County (Population) (Health region)% of population (change from previous report)Completed % of population (change from previous report)
Brown (264,542) (NE)51.8% (+0.3)49.6% (+0.4)
Calumet (50,089) (FV)46.7% (+0.1)44.6% (+0.1)
Dodge (87,839)41.6% (+0.1)39.6% (+0.0)
Door (27,668) (NE)67.0% (+0.0)64.9% (+0.1)
Fond du Lac (103,403) (SE)44.5% (+0.1)42.5% (+0.1)
Forest (9,004)42.6% (+0.1)40.9% (+0.1)
Florence (4,295) (NE)44.7% (+0.0)43.1% (+0.0)
Green Lake (18,913) (FV)45.6% (+0.2)43.8% (+0.1)
Kewaunee (20,434) (NE)41.8% (+0.1)40.7% (+0.1)
Manitowoc (78,981) (NE)48.8% (+0.1)46.5% (+0.0)
Marinette (40,350) (NE)42.9% (+0.2)40.9% (+0.1)
Menominee (4,556) (FV)54.1% (+0.1)49.8% (+0.0)
Oconto (37,930) (NE)43.2% (+0.1)41.6% (+0.1)
Outagamie (187,885) (FV)51.7% (+0.2)49.3% (+0.1)
Shawano (40,899) (FV)38.2% (+0.2)36.4% (+0.1)
Sheboygan (115,340) (SE)50.2% (+0.1)48.1% (+0.1)
Waupaca (50,990) (FV)44.6% (+0.1)42.8% (+0.1)
Waushara (24,443) (FV)36.8% (+0.1)35.3% (+0.1)
Winnebago (171,907) (FV)49.7% (+0.1)47.5% (+0.1)
NORTHEAST REGION (474,200) (NE)238,240 (50.2%) (+0.1)228,229 (48.1%) (+0.0)
FOX VALLEY REGION (549,682) (FV)264,458 (48.1%) (+0.1)252,448 (45.9%) (+0.0)
WISCONSIN (5,822,434)3,014,909 (51.8%) (+0.1)2,867,737 (49.3%) (+0.1)

Wisconsin population vaccinated, by age group (and change since Tuesday)

  • 12-15: 33.3% received a dose (+0.3)/28.5% completed (+0.1)
  • 16-17: 42.4% received a dose (+0.2)/38.5% completed (+0.1)
  • 18-24: 44.4% received a dose (+0.1)/40.8% completed (+0.1)
  • 25-34: 48.9% received a dose (+0.1)/45.8% completed (+0.1)
  • 35-44: 56.8% received a dose (+0.1)/53.8% completed (+0.1)
  • 45-54: 59.0% received a dose (+0.1)/56.2% completed (+0.1)
  • 55-64: 69.2% received a dose (+0.1)/66.6% completed (+0.1)
  • 65+: 83.8% received a dose (+0.1)/81.7% completed (+0.0)

Health departments and school districts urged parents to start getting kids 12 and up vaccinated ahead of school. Health officials note that vaccinating older children can protect younger siblings who are too young to get the vaccine as well as other members of the family and their friends. The Pfizer vaccine is the only one approved so far for kids ages 12 to 17. A second dose is needed 3 weeks later, and it takes two weeks after that to take full effect.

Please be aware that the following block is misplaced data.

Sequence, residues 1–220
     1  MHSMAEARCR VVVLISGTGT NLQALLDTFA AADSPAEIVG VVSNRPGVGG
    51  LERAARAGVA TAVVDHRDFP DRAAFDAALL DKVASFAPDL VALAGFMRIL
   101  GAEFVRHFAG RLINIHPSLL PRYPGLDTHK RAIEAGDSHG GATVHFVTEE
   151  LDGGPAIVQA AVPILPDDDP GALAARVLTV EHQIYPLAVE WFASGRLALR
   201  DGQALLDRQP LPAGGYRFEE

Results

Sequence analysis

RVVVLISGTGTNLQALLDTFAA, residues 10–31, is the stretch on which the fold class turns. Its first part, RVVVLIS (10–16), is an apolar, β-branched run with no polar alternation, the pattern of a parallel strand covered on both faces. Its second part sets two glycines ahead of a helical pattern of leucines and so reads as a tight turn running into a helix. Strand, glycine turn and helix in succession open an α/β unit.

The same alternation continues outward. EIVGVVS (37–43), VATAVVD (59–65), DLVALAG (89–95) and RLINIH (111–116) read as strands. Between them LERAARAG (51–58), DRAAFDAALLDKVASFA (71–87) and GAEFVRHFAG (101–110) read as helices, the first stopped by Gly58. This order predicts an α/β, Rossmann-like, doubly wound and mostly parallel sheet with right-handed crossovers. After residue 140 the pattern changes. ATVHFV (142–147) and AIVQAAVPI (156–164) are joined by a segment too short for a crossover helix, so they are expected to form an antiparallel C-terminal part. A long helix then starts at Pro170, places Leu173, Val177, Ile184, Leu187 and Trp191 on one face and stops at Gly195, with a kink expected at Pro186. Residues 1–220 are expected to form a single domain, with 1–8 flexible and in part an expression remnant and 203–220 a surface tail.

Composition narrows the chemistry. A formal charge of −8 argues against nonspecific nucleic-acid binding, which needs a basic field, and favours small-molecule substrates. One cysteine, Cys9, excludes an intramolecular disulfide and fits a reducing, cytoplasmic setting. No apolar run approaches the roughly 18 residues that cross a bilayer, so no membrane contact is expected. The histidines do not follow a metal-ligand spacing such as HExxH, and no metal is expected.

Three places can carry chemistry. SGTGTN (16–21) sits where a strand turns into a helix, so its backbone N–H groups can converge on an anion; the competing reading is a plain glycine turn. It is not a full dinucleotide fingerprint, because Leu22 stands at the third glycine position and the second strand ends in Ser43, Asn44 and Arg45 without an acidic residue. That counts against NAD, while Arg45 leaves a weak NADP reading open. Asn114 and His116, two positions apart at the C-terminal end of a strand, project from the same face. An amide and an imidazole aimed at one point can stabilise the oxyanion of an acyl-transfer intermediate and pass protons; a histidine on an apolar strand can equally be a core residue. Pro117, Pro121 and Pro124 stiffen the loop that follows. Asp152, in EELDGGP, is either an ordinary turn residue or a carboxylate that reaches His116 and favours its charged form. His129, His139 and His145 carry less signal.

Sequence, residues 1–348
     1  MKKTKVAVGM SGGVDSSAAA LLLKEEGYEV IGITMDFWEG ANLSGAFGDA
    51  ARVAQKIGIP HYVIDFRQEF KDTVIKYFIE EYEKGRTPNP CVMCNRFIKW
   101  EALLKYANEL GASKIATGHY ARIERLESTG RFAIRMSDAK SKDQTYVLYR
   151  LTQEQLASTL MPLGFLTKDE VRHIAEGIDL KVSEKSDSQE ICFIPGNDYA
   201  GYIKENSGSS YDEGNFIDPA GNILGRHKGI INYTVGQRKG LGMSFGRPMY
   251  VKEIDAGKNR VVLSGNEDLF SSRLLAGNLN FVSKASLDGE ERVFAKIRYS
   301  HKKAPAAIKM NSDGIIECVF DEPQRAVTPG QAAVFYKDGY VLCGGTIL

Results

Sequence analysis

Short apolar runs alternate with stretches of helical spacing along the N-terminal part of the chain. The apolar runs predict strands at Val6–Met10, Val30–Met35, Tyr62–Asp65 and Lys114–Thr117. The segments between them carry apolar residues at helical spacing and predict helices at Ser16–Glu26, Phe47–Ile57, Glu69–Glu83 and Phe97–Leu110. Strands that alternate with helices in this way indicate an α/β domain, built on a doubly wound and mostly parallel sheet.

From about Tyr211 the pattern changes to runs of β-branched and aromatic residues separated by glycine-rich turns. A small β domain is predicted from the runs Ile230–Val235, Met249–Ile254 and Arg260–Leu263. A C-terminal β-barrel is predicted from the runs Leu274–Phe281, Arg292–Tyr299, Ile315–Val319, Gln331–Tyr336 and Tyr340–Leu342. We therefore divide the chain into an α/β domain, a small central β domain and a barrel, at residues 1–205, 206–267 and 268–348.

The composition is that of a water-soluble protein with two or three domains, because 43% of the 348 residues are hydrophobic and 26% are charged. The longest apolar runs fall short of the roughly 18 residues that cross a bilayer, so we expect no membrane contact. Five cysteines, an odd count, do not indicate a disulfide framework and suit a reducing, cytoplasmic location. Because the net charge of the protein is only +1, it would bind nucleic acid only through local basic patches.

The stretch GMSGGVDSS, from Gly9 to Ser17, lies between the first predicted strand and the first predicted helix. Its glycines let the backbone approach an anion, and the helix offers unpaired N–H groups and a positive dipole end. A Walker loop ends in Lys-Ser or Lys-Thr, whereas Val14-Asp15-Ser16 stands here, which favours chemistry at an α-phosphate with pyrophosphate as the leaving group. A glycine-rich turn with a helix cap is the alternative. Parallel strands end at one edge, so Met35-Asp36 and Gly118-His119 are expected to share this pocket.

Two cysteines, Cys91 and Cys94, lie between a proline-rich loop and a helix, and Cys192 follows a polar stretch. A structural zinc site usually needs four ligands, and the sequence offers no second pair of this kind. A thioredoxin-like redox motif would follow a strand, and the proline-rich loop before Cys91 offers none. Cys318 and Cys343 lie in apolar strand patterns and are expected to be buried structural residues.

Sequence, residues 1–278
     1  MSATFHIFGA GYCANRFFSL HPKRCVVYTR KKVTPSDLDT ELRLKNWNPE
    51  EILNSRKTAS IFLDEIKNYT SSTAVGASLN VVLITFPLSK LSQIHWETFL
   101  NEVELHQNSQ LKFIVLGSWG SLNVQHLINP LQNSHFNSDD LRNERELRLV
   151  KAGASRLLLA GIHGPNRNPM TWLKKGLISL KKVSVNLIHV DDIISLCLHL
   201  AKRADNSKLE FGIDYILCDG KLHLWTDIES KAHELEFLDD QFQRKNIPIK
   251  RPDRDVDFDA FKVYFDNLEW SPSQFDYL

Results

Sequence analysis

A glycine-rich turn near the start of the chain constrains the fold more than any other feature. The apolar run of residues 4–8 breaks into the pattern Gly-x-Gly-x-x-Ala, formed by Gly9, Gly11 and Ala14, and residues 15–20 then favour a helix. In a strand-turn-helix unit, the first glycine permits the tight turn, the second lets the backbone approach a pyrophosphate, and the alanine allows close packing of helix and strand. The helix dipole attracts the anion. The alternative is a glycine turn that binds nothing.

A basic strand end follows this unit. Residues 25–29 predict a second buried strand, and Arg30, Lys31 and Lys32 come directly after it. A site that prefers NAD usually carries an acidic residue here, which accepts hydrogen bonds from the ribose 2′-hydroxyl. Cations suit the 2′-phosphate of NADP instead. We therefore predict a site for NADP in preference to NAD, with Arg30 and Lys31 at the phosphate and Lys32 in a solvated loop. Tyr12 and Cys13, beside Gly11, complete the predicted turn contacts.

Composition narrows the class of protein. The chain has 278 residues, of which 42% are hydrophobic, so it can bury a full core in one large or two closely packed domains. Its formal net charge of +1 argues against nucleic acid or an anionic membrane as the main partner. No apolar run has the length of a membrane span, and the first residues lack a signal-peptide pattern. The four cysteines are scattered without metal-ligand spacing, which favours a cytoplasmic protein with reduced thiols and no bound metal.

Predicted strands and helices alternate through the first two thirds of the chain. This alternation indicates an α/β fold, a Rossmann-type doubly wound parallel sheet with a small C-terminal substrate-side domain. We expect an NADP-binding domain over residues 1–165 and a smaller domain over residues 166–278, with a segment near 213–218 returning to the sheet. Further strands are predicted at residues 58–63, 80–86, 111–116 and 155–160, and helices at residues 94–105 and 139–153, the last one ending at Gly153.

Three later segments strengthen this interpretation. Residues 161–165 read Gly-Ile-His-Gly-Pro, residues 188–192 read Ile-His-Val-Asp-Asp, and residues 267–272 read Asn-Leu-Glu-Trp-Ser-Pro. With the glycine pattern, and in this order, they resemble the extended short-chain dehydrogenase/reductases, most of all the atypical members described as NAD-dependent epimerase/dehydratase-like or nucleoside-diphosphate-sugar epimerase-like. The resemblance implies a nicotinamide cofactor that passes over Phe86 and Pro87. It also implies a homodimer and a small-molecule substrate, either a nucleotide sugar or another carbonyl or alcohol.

The CDC recommends face masks in K-12 schools for students, teachers, staff and visitors, regardless of vaccination status. Recently, Appleton Area Public Schools and St. Mary Catholic Schools said they intend to make wearing masks optional when the new school year begins. Green Bay Area Public Schools decided to make masks optional for grades 7 through 12 but will continue requiring them for young kids through 6th grade since many of them are too young to be eligible for a vaccine. The Green Bay Area Catholic Education System (GRACE) says mask wearing will be left up to each school and the parents. Neenah’s school board voted Tuesday night to make masks optional.

Tuesday, the DHS website removed the number of active and recovered cases -- those are people diagnosed with the COVID-19 virus in the last 30 days or survived past the 30 days. The last report on Monday said 1% of cases were active and 98% were considered recovered. Health officials acknowledged long ago that “recovered” cases included people suffering long-term health effects from their infection, the so-called “long haulers.”

THURSDAY’S COUNTY CASE AND DEATH TOTALS (counties with new cases or deaths are indicated in bold) **

  • Brown – 32,153 cases (+33) (259 deaths)
  • Calumet – 5,892 cases (+4) (51 deaths)
  • Dickinson (Mich.)* - 2,432 cases (59 deaths)
  • Dodge – 12,113 cases (+17) (177 deaths)
  • Door – 2,646 cases (30 deaths)
  • Florence - 458 cases (13 deaths)
  • Fond du Lac – 12,718 cases (+17) (133 deaths) (+2)
  • Forest - 979 cases (24 deaths)
  • Gogebic (Mich.)* - 1,083 cases (24 deaths)
  • Green Lake - 1,632 cases (+2) (21 deaths)
  • Iron (Mich.)* – 1,004 cases (43 deaths)
  • Kewaunee – 2,389 cases (+1) (28 deaths)
  • Langlade - 2,059 cases (35 deaths)
  • Manitowoc – 7,687 cases (+4) (76 deaths)
  • Marinette - 4,254 cases (+2) (68 deaths)
  • Menominee (Mich.)* - 1,806 cases (41 deaths)
  • Menominee – 808 cases (+2) (11 deaths)
  • Oconto – 4,569 cases (+4) (63 deaths)
  • Outagamie – 20,986 cases (+11) (225 deaths)
  • Shawano – 4,803 cases (+3) (73 deaths)
  • Sheboygan – 13,989 cases (+8) (154 deaths)
  • Waupaca – 5,015 cases (+2) (123 deaths)
  • Waushara – 2,231 cases (+1) (35 deaths)
  • Winnebago – 18,523 cases (+21) (203 deaths)

* The Wisconsin Department of Health Services and Wisconsin Hospital Association do not publish updates on weekends. Michigan Department of Health only updates information on Tuesdays and Fridays.

** Cases and deaths are from state COVID-19 reports, which may differ from local health department numbers. The Wisconsin DHS reports cases from all health departments within a county’s boundaries, including tribal, municipal and county health departments; county websites may not. Also, public health departments update their data at various times, whereas the DHS freezes the numbers it receives by the same time every day to compile the afternoon report.